The 100-meter sprint is an exciting event. One of the truest forms of human competition, sprinters must run in a straight line as fast as possible. The winner of the 100-meter sprint is the first runner to cross the finish line. Competition rules for the 100-meter sprint are governed by the International Association of Athletics Federations (IAAF).
Every 100-meter sprinter must begin the race with his feet in the starting blocks. The official race starter will call the sprinters to their blocks and on command the runners will adopt a set position. The set position requires the runners to have both feet in the blocks and adopt a position with the body weight on their hands. On the starter's gun all runners begin the race.
A false start is called when the feet of a runner leave the starting blocks before the starter's gun. In youth and amateur events a false start is called by the starter or an assigned race referee. At international competitions technology to measure false starts must be in place. The IAAF website explains that a false start is ruled when the reaction time of a runner is less than 0.12 seconds after the gun. Reaction time is measured by pressure on the blocks, with 0.12 seconds being the natural time it is ruled to take for information to process from the brain to the muscles.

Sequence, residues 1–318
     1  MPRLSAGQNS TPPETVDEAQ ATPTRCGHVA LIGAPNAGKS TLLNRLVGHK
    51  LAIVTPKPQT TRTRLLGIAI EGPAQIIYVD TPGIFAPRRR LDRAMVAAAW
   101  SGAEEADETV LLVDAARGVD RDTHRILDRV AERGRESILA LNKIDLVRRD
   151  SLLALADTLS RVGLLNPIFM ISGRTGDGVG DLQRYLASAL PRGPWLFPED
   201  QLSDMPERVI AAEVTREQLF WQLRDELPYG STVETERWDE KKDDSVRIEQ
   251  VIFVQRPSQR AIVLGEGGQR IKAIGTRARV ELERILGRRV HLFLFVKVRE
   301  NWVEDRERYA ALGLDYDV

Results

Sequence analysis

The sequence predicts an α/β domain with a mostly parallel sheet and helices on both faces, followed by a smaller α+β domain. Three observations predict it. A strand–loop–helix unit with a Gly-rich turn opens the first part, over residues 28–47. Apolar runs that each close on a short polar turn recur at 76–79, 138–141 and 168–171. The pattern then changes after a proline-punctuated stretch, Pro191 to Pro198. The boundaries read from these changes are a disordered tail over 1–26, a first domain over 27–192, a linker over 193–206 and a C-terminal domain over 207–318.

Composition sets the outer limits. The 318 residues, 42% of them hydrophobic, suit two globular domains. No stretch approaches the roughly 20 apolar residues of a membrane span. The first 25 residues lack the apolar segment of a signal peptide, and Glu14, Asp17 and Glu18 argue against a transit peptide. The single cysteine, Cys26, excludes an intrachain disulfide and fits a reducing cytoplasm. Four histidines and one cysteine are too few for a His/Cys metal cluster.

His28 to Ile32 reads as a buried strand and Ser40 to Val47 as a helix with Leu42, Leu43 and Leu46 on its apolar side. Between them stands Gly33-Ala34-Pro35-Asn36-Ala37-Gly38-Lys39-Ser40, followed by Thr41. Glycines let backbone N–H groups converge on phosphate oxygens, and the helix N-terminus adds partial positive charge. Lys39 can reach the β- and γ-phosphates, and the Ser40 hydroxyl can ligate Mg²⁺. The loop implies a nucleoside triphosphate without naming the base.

The width of a lane is specified by the IAAF rules or the governing body of a 100-meter sprint event. Any 100-meter sprinter who leaves her lane or obstructs the path of another sprinter will be automatically disqualified from the race. Stepping on the white lines is ruled as having left your lane during the race. In these circumstances, the race referee can order the race to be run over again if it is deemed necessary.
The finish is the decisive stage of the race, and is very exciting when sprinters are close to each other in terms of ability. The IAAF rules state that the time of a runner is recorded when the trunk of the body crosses the finish line. In youth and amateur 100-meter sprint races the winner is decided by a race referee at the finish line. In international competition IAAF rules require technology to be installed to record finish times. Times are recorded and reported to .01 seconds.